‘The Current War’ Review: The Fight to Power the Future Is Rarely Illuminating | TIFF 2017
On the surface, The Current War looks like it could have been about the fight to own the future, and the intersection between commerce and invention. But it quickly becomes apparent that director Alfonso Gomez-Rejon has no idea what to do with the true story of Thomas Edison versus George Westinghouse and their fight to bring their respective systems of electric current to the U.S. It’s a movie that has a clear conflict but couldn’t find a theme with two hands a flashlight. Is it about legacy? Is it about integrity? Is it about inspiration? Is it about capitalism? The script never seizes on any idea, so it stumbles along with broad characterizations and very pretty cinematography that hopes to gloss over the empty spectacle.
In 1880, the world is still lit by fire, but famed inventor Thomas Edison (Benedict Cumberbatch) believes the solution is direct current, which he will then pump through the lightbulbs he created. Wealthy gas magnate George Westinghouse (Michael Shannon) can see that electricity is the future, but he backs alternating current, which has the benefit of being able to travel longer distances. Westinghouse’s first impulse is to bring Edison to the bargaining table so that Westinghouse can provide alternating current and Edison can provide his superior light bulbs. But Edison stubbornly refuses, thus igniting a war where Edison is content to spread lies about Westinghouse while Westinghouse believes that his superior product and business acumen will eventually emerge victorious.
That’s the conflict, but the film can never really seem to find the story or the characters. Yet again, Cumberbatch plays the prickly genius (for people that can’t get enough of Sherlock, Doctor Strange, and The Imitation Game, I guess), although the film tries to temper his attitude by showing that he loves his wife and kids, yet shows no compunction about gobbling up patents and playing the press. The film believes there’s a showdown between Edison, the inventor, and Westinghouse, the businessman, but in reality, they’re both businessmen, and Edison is simply the less scrupulous of the two despite his protestations that he’ll never invent something that could kill. Unable to find serious tension between its two leads, the script then throws in inventor Nikola Tesla (Nicholas Hoult), but never really figures out what to do with him. He fits more organically into The Prestige, a movie where he helps a magician invent lightning clones.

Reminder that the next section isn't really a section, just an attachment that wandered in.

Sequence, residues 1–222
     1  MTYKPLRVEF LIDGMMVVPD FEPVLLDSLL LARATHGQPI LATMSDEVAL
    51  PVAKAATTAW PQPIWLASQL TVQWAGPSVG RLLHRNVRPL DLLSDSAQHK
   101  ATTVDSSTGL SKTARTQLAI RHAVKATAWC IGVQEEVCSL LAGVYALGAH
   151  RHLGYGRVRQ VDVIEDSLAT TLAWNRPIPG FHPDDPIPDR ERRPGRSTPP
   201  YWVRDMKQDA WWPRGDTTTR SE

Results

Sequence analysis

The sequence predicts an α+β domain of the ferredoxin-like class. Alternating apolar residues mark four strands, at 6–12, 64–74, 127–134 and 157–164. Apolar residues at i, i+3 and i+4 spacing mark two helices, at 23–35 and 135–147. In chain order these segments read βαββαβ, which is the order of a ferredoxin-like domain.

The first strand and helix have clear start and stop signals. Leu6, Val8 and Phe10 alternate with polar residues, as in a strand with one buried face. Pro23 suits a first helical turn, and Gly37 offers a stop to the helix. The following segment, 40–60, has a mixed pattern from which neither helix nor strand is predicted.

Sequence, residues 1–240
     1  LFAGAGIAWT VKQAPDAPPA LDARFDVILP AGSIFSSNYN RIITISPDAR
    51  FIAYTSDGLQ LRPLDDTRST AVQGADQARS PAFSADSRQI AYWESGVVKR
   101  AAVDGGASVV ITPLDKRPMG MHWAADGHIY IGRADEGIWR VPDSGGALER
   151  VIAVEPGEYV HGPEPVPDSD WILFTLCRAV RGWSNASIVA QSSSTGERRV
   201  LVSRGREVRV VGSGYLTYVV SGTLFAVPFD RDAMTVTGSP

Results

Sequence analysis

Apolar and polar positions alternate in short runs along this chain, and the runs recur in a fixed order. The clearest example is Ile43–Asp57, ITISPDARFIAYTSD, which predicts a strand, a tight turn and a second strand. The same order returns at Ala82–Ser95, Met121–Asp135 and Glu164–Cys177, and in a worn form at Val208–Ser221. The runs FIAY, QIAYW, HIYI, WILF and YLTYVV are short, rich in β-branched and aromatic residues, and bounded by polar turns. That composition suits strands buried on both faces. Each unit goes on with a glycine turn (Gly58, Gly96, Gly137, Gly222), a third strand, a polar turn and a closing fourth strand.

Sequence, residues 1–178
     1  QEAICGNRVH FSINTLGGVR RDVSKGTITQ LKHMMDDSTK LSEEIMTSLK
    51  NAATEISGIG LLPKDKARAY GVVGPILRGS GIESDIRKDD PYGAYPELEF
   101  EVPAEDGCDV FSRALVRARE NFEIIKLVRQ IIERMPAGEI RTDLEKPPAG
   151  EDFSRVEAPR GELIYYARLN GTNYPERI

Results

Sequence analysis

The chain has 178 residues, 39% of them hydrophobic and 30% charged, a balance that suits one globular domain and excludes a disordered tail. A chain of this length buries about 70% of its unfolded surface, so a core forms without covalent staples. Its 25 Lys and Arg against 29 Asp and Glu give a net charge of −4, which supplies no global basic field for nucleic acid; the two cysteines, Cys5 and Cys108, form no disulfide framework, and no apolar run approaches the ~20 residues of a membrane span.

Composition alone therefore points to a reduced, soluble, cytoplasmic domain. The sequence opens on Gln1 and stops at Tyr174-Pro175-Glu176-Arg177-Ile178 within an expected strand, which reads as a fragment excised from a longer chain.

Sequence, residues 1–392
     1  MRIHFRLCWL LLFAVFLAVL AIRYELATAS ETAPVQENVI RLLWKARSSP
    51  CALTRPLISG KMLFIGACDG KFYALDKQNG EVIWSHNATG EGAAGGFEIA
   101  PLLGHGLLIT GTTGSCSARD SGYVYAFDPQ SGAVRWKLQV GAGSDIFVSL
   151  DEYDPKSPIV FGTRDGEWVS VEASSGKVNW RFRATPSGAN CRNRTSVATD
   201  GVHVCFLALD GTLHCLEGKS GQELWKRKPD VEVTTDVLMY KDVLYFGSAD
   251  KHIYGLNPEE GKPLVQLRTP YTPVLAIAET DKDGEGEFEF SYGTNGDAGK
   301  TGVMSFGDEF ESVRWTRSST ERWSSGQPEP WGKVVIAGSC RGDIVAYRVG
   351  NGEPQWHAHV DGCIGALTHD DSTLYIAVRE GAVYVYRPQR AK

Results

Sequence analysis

What’s constantly frustrating about The Current War is that it has an interesting period of history and three historically important figures, but the film has no idea how to use them. It would be like discovering electricity and then having zero applications for it. I honestly don’t know what The Current War is about even though it brushes up against notions of legacy, business, and family. Taken piecemeal, there are scenes that work like the chemistry between George Westinghouse and his wife Marguerite (Katherine Waterston), but then the film will drop Marguerite for a large chunk of the film because it has no idea what arcs to follow or how to build them.
Gomez-Rejon tries to paper over his empty picture with gorgeous cinematography and a rousing score, but neither one of these serve the movie because ultimately there’s nothing to serve. On the one hand, I was grateful that the film was so nice to look at because I would have been bored senseless otherwise, and yet this is a prime example of style over substance. The movie suffers from this approach from the very beginning when an immaculately composed and lit scene follows a group of men on a train out to Menlo Park where Edison illuminates concentric circles of light bulbs. Who these men are and why they came out to Menlo Park is never explained or mentioned again.
The Current War may have all the polish of a prestige picture, but it can’t hide its contrived plotting and lack of personal stakes. It will bring in important figures like Tesla but then have no idea what to do with them. It will have Edison mentioning that his people owe him an invention every ten days, but then try to credit him with having over 1,000 patents. It wants to temper Edison by showing him being a nice family man who was a scoundrel and balance Westinghouse by showing his willingness to get a little dirty when necessary, but it’s all so obvious that none of it feels honest. Gomez-Rejon tries to give The Current War an abundance of energy, but he has no idea what to do with it.
The Current War opens in limited release on November 24th.
For all of our TIFF 2017 coverage, click here. Check out our previous TIFF 2017 reviews below:
- The Death of Stalin
- I, Tonya
- Mark Felt: The Man Who Brought Down the White House
- Molly’s Game